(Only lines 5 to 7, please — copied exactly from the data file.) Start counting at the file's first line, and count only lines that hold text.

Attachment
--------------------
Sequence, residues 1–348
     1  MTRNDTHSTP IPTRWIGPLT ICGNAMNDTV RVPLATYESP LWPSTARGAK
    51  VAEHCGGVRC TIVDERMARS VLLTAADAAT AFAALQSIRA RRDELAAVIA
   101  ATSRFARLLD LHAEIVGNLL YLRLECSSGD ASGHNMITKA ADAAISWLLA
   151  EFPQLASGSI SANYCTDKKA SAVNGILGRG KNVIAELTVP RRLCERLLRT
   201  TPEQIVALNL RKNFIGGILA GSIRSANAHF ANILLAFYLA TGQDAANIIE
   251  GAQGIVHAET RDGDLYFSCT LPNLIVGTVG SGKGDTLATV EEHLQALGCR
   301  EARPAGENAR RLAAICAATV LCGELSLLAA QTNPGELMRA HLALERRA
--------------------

   151  EFPQLASGSI SANYCTDKKA SAVNGILGRG KNVIAELTVP RRLCERLLRT
   201  TPEQIVALNL RKNFIGGILA GSIRSANAHF ANILLAFYLA TGQDAANIIE
   251  GAQGIVHAET RDGDLYFSCT LPNLIVGTVG SGKGDTLATV EEHLQALGCR